2018-08-16 / Front Page

Exhibit Highlights WWI Artists and Illustrators

By Loren King


James Montgomery Flagg (1877-1960), I Want You For The U.S. Army, 1917, vintage lithographic poster, 39 1/2” x 29 3/4”, World War I poster. (Photo courtesy American Illustrators Gallery, New York, NY) James Montgomery Flagg (1877-1960), I Want You For The U.S. Army, 1917, vintage lithographic poster, 39 1/2” x 29 3/4”, World War I poster. (Photo courtesy American Illustrators Gallery, New York, NY) The United States entered a war already raging in Europe for three years in 1917. But President Woodrow Wilson, who’d campaigned on keeping the country neutral, faced a challenge: how could he sway Americans to now support the war effort?

Wilson quickly enlisted the help of friend Charles Dana Gibson, America’s foremost illustrator at the time, whose “Gibson Girl” remains one of the most iconic images of the early 20th century. Gibson reached out to colleagues and encouraged them to volunteer their creativity to the war effort.

Some 350 American artists, including Howard Chandler Christy, Norman Rockwell, J.C. Leyendecker and Jessie Wilcox Smith, created posters and advertisements designed to influence public sentiment in support of the war, boost enlistment and raise funds. Combining artistic skill with powerful advertising messages, the posters are stunning representations of propaganda as patriotism.


Howard Chandler Christy (1873-1952), If You Want to Fight! Join the Marines,1915, original poster, 27” x 41” (Photo courtesy American Illustrators Gallery, New York, NY) Howard Chandler Christy (1873-1952), If You Want to Fight! Join the Marines,1915, original poster, 27” x 41” (Photo courtesy American Illustrators Gallery, New York, NY) About 50 original vintage posters make up the “American Illustration and the First World War” exhibit at Newport’s National Museum of American Illustration (NMAI). Founded in 1998 by Judy Goffman Cutler and Laurence S. Cutler to house their collection of "Golden Age" American Illustration art, the exhibit opened in May and will continue through the end of the year.

Judy Cutler obtained the posters and the original artwork in the 1970s when she was in the early stages of researching a book about Christy, who died in 1952. The book never came to fruition because the publisher claimed “there wasn’t enough interest” in the artist, she said. But a friend of Christy’s offered Cutler the original artwork that had been stored under Christy’s bed.

The posters and paintings, all in excellent condition, remained in storage. But Cutler decided to display them to commemorate the 100th anniversary of the war. Like much of the illustration work she collected over the years, the World War I posters were considered advertising at the time and of little worth, she said. That is certainly not the case today.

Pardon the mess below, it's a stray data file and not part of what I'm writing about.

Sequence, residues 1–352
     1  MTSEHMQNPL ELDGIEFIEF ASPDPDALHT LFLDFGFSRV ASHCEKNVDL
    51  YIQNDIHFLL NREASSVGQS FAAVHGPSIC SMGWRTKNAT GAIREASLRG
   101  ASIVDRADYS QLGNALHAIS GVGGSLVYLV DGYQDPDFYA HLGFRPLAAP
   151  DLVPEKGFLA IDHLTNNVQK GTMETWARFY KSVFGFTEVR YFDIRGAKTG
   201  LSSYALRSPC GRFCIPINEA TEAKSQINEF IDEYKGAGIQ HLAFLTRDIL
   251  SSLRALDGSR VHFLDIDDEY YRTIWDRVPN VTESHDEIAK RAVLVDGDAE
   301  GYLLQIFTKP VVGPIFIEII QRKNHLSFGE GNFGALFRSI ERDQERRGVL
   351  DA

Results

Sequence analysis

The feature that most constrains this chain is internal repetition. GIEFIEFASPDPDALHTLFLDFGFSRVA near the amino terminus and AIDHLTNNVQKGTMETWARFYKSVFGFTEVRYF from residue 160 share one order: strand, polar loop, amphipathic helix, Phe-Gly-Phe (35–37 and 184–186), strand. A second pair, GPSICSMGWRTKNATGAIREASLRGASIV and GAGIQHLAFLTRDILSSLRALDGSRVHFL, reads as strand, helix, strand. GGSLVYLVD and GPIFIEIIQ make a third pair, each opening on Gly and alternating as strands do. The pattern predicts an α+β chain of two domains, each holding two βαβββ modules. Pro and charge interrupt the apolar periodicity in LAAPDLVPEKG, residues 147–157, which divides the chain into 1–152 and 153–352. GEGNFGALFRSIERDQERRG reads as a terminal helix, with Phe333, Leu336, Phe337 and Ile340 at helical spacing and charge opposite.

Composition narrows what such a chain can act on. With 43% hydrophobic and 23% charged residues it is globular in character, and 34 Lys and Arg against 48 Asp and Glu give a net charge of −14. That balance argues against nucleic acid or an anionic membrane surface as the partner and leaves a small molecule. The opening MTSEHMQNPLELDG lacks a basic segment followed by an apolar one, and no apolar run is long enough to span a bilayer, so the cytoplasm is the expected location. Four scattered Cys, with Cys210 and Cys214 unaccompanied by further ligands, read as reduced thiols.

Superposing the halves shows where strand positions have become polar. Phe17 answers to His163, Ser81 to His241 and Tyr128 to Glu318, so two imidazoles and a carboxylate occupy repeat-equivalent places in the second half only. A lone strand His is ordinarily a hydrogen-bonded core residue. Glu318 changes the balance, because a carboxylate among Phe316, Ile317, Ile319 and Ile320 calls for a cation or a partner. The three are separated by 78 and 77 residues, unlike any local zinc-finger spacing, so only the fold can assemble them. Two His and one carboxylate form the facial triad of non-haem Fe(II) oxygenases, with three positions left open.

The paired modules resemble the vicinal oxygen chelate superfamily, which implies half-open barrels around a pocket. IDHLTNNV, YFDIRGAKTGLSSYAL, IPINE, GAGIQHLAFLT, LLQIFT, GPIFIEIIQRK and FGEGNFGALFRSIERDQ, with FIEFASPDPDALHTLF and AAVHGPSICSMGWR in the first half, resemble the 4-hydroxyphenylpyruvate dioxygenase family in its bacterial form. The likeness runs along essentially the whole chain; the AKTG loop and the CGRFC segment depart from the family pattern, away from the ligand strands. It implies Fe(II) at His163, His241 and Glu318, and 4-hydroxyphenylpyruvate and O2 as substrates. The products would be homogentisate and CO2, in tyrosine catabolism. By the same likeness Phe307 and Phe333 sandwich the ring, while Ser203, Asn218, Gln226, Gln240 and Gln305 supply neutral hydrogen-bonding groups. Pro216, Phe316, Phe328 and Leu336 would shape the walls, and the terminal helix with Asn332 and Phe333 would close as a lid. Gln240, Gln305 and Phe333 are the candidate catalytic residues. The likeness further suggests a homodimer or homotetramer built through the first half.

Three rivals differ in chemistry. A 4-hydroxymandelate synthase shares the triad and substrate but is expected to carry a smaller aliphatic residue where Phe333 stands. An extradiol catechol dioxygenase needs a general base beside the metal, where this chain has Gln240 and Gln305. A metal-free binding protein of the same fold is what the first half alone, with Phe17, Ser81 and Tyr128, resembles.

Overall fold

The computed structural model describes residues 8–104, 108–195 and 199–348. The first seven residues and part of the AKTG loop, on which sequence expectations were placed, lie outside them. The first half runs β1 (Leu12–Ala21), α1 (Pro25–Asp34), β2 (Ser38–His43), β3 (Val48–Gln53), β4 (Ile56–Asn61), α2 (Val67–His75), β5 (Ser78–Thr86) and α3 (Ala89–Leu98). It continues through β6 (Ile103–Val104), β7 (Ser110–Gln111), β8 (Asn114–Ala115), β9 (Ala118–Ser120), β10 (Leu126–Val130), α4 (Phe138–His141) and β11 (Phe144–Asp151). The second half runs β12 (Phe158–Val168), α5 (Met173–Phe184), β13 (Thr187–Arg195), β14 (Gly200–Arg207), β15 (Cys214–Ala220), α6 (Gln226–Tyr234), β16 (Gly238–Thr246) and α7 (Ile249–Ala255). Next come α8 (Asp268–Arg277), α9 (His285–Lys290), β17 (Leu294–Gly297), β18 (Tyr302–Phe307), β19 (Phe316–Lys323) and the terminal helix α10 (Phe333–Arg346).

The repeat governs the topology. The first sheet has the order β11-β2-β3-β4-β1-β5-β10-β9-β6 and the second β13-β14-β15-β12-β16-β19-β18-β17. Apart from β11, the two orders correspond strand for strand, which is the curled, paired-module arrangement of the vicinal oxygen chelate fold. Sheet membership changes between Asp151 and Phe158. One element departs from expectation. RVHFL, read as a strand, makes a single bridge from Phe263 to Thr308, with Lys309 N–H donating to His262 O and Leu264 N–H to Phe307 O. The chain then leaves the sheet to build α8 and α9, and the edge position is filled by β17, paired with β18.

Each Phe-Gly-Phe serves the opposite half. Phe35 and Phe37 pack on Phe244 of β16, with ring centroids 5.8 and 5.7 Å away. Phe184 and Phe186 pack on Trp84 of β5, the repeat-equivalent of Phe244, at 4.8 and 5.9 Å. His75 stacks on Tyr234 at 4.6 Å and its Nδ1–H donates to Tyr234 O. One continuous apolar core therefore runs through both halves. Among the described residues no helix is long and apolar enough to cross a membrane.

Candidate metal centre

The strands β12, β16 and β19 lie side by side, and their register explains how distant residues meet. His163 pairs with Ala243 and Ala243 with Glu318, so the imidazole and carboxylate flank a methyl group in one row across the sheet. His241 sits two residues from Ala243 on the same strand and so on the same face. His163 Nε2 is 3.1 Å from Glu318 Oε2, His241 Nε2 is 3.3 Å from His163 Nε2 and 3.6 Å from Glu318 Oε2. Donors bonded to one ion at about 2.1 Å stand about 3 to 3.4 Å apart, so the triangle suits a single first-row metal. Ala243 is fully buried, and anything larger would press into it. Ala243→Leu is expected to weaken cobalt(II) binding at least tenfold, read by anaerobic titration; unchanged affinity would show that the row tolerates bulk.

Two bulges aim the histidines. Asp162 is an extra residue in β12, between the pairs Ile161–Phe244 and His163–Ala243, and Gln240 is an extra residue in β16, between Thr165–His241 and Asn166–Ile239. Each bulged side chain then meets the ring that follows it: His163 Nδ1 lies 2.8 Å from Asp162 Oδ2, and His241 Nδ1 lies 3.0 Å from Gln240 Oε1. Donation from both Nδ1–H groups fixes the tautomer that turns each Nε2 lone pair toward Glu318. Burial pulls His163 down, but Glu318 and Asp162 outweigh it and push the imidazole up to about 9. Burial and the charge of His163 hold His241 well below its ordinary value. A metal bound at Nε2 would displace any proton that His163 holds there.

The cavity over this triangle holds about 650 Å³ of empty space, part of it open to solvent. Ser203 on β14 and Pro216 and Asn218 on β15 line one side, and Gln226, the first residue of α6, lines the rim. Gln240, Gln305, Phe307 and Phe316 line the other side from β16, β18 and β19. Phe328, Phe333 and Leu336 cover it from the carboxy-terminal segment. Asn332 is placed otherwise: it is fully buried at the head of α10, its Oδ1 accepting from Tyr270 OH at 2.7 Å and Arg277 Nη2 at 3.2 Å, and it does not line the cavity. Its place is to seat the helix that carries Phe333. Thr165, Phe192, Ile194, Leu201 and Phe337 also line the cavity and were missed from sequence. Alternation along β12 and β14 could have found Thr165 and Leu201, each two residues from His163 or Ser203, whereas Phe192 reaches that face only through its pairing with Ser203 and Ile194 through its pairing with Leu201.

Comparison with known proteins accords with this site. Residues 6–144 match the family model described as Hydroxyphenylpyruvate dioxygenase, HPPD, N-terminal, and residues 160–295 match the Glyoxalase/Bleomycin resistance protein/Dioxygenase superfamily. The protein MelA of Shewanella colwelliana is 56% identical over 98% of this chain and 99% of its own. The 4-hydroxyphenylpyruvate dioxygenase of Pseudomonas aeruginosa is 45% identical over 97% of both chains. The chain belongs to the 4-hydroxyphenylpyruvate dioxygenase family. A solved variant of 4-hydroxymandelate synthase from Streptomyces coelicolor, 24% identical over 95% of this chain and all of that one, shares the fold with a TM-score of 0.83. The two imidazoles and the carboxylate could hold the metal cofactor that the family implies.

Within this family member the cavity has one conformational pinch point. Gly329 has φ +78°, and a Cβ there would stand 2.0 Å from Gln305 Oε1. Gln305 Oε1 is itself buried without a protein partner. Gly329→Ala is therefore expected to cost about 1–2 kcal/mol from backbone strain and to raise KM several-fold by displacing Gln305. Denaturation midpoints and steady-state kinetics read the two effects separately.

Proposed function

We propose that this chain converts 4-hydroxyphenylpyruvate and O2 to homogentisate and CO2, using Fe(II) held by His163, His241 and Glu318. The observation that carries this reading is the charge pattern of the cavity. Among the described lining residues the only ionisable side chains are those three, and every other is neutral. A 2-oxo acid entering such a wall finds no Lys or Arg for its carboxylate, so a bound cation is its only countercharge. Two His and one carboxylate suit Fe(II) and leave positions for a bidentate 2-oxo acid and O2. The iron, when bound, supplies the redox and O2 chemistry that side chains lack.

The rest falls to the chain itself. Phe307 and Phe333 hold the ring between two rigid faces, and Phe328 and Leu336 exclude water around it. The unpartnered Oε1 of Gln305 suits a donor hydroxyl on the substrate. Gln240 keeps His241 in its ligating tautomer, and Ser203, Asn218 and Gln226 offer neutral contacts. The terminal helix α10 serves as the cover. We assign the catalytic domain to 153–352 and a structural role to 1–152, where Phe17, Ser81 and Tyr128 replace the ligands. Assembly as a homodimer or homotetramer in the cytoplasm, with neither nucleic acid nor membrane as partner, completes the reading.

Christy is represented by two original recruitment posters featuring his trademark “Christy Girl,” this time in vintage military garb, with the slogans, “Gee!! I Wish I Were a Man, I’d Join the Navy” and “If You Want to Fight! Join the Marines.”

Rockwell’s 1918 oil painting, reproduced as a Life magazine cover, focuses on the home front. “Till the Boys Come Home” depicts four women on a hillside, looking distressed, one with her head buried in her hands.

The posters offer many indelible graphics, including one of the most iconic American images ever created. Prominent illustrator James Montgomery Flagg’s 1917 image of Uncle Sam pointing to the viewer above the words, “I Want You for U.S. Army,” was the hard sell for recruitment. Another bold bit of propaganda is Harry R. Hopps’ depiction of a gorilla, and a precursor to King Kong, wearing a German spiked helmet and wielding a bloody club in one hand and a beautiful, helpless woman in the other. If the image weren’t obvious enough, the tagline is “Destroy this Mad Brute—Enlist!”

Far subtler, but no less persuasive, is Norman Price’s 1918 oil “Bagged in France,” which was reproduced in a Hercules Sporting Powders calendar for 1919. The lush image features a patriotic couple marveling at artifacts, including a German helmet unpacked from a box sent home, presumably, by their soldier son. Paul Stahr’s “The Lost Man of War,” a 1918 Life magazine cover, depicts an ordinary looking sailor in uniform sitting between two doting women as they sip tea.

Not all the art is heartwarming. An original drawing by Italian war correspondent Chevalier Fortunino Matania, who was noted for his realistic portrayal of World War I trench warfare, is in stark contrast to the noble, even glamorous, images selling the war.

The advertising had three key missions: recruitment, fundraising for the war effort and encouraging Americans to conserve war necessities such as sugar and wheat. Famed children's book illustrator Jessie Wilcox Smith’s “Orphans of France” and Ethel Franklin Betts’ “The Children at Your Door” used their artistry to persuade Americans to contribute to charitable relief efforts abroad. Cushman Parker’s “Little Americans: Do Your Bite” humorously used a cute child to push eating corn in order to “save the wheat for our soldiers.”

“American Illustration and the First World War” is an important exhibit of history and art not just because it showcases work by some of the most skilled illustrators of the day, but also because the advertising represents a very different period in American society.

Before television and radio, let alone the internet, advertising in magazines and in public spaces was a primary method to communicate messages. This exhibit takes viewers back to a time of great wealth for some, juxtaposed with brutality and hardship for many, during what was naively called, “the war to end all wars.”

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